Yes, I'm aware of the foreman's position. I'm also aware that the judge had to previously overrule the jury's conclusion (when it erroneously ruled in favor of google) during the infringement phase because, as he stated, "no reasonable jury could have reached that conclusion [that google had not infringed upon oracle]". The jury's position that you are reading there is only in regards to the patent phase. Try to read the patents...I say try because even with my background I have a difficult time trying to understand the ins and outs of them. We have a number of reasons to suspect that the jury was pro-google, agnostic or outright anti-oracle, and lack a fundamental technical background to understand patents and/or patent law. Keep in mind that jurors who exhibit any amount of expertise in these areas will be challenged from the pool.
Let's not too hung up on that, however, I respect the rule of law and our jury system even though my professional hat and expertise is in the deficiencies in our legal model (full disclosure: my hobby hat is in software development as a amateur whereas my professional hat is in criminology and law as a phd holder). I respect the jury's decision although I disagree with it. I merely point out these things in the paragraph above to illustrate that we ought not rely on the lay person's desire or lack of desire to rule in Oracles favor as any significance to the points you and I are discussing.
That said, Google did not buy any rights. That's the main issue. If they had bought any rights I would be in full agreement with you. What they did was take open-source code and design, re-write the core portions of it, then *relicensed* it under a more commercial version of an open-source model. This might be confusing but licenses are not to restrict, licenses are to release. That means, when I create something it's *already* protected. In order to give it to you and allow you to do what you will with it I have to relinquish it under some form of license. Previous to copyleft license structures the structure was one of copyright. All the rights are and will remain with the original creator unless specifically given away--and the Oracle case won't change that one way or the other if they win copyrightability of APIs.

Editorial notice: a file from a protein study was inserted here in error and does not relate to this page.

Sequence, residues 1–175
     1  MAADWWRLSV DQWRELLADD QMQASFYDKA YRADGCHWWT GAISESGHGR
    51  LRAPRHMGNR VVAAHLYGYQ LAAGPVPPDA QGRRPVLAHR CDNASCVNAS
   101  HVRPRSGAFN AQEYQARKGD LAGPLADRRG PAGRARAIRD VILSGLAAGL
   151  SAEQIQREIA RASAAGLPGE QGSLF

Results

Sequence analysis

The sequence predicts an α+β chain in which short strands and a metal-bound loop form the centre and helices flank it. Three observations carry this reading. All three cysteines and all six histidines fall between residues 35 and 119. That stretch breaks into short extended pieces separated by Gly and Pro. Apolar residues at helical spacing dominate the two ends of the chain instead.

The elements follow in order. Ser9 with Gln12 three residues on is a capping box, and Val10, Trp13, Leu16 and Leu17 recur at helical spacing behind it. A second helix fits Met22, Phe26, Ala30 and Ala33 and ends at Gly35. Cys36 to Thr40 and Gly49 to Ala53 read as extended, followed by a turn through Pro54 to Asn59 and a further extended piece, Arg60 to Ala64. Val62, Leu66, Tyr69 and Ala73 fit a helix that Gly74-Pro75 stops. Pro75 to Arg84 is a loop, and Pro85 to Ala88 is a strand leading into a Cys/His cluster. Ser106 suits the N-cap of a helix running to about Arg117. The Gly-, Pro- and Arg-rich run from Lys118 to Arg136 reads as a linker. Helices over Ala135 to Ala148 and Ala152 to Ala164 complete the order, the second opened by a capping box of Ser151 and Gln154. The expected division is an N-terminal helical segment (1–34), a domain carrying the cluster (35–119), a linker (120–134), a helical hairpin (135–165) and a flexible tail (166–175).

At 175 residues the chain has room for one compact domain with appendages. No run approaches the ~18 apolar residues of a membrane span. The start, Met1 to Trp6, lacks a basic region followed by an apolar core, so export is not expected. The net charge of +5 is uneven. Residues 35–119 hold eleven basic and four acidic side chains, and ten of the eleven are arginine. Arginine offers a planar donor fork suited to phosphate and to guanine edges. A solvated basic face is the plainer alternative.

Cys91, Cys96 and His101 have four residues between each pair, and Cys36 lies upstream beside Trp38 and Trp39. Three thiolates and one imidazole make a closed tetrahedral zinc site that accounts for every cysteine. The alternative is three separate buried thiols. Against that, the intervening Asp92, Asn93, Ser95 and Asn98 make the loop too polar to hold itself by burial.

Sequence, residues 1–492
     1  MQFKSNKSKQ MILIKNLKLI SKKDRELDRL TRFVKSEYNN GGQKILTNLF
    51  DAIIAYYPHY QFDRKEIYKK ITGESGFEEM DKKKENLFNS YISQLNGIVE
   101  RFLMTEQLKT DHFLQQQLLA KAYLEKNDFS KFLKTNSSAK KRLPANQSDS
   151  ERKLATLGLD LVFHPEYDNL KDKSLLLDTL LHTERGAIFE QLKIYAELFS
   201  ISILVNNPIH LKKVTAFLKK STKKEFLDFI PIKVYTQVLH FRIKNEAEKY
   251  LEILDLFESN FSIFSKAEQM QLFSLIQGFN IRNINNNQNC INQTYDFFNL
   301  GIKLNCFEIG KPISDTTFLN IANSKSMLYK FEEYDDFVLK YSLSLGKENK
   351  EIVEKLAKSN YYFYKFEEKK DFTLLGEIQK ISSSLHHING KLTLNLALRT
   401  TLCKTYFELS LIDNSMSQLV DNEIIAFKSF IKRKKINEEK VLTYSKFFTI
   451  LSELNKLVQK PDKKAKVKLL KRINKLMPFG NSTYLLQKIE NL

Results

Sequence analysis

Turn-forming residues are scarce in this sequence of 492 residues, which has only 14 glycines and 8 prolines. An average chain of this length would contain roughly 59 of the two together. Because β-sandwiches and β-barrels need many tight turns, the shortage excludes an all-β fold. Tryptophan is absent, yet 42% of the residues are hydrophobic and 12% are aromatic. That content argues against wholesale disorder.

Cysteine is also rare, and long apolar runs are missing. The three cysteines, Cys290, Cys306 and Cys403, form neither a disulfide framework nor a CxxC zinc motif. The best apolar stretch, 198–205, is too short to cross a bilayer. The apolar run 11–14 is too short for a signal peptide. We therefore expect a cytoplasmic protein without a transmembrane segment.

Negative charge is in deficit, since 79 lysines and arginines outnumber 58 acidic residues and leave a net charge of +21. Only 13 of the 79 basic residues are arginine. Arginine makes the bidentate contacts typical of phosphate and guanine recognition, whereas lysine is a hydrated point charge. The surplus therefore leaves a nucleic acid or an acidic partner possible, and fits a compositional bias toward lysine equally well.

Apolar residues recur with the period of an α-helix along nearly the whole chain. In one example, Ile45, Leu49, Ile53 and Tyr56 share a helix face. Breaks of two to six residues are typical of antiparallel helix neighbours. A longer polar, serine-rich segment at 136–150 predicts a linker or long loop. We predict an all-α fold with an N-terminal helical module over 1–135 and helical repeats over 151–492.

Read the comments to the article you linked. It's telling that people responding are not necessarily agreeing with the author. Keep in mind, however, to read any and all published and personal commentary about Oracle with a hefty dose of salt. Many people have a negative view of Oracle purely because of the loss of Sun. That sentiment is going to naturally bleed into any endeavors they do.
The issue I'm taking with your posts is the conception you have of the nature of "open". You seem to be operating under the belief that Google's android is open and free. It's only open and free in so far as Google wants it to be. Even your repeated claim that they will retain openness of the platform for at least 5 more years. Consider the fact that if it were really, truly open and free and if the way they were licensing it (and historically behaving) were in line with the open source community then that would not have to be said.